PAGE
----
House of Representatives
Office of Program Research
Technology & Economic Development Committee
This analysis was prepared by non-partisan legislative staff for the use of legislative members in their deliberations. This analysis is not a part of the legislation nor does it constitute a statement of legislative intent.
Brief Description: Regarding energy conservation under the energy independence act.
Sponsors: Representatives Fey, Short, Upthegrove, Nealey, Pollet, Liias, Ormsby, Ryu and Moscoso.
Hearing Date: 1/14/14
Staff: Scott Richards (786-7156).
Energy Independence Act.
Approved by voters in 2006, the Energy Independence Act (EIA), also known as Initiative 937 or I-937, requires electric utilities with 25,000 or more customers to meet targets for energy conservation and eligible renewable resources. Utilities that must comply with the EIA are called qualifying utilities.
Energy Conservation Assessments and Targets.
Each qualifying electric utility must pursue all available conservation that is cost-effective, reliable, and feasible. By January 1, 2010, each qualifying utility must assess the conservation it can achieve through 2019, and update the assessments every two years for the next ten-year period. Beginning January 2010, each qualifying utility must meet biennial conservation targets that are consistent with its conservation assessments.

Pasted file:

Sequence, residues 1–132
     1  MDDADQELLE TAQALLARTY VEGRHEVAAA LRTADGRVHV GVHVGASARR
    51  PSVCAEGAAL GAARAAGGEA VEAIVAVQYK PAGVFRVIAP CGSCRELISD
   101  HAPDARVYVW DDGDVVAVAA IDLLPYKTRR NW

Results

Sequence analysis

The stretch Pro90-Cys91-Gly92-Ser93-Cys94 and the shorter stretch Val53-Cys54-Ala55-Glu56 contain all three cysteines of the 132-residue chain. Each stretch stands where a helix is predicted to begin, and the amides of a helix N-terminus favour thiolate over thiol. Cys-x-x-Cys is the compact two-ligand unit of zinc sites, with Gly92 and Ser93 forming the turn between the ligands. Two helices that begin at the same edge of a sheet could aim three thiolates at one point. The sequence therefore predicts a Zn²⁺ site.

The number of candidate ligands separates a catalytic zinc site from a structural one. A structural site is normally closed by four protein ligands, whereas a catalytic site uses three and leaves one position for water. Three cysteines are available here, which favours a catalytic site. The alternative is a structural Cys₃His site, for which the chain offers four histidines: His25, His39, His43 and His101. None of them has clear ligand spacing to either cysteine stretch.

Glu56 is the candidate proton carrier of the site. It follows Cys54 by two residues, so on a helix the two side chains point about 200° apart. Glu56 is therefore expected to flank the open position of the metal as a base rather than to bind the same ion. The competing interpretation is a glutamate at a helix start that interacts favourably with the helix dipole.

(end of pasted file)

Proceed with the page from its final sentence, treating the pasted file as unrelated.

A qualifying utility that fails to comply with the energy conservation or renewable energy targets must pay an administrative penalty to the state of Washington in the amount of 50 dollars for each megawatt-hour of shortfall.
Administrative penalties collected are deposited into the Energy Independence Act Special Account (Account). Expenditures from the Account may be used only for the purchase of renewable energy credits or for energy conservation projects at public facilities, local government facilities, community colleges, or state universities. The state must own and retire any renewable energy credits purchased using moneys from the Account.
Summary of Bill:
If a qualifying utility does not meet its biennial energy conservation acquisition target and is subject to administrative penalties, the Utilities and Transportation Commission, for a qualifying utility that is an investor-owned utility, or the Attorney General, for a qualifying utility that is not an investor-owned utility, must reduce the penalty by the adjusted amount of the penalty for each megawatt-hour in excess of its conservation target from the previous completed biennium.
Fiscal Note: Available from 2013.
Effective Date: The bill takes effect 90 days after adjournment of the session in which the bill is passed.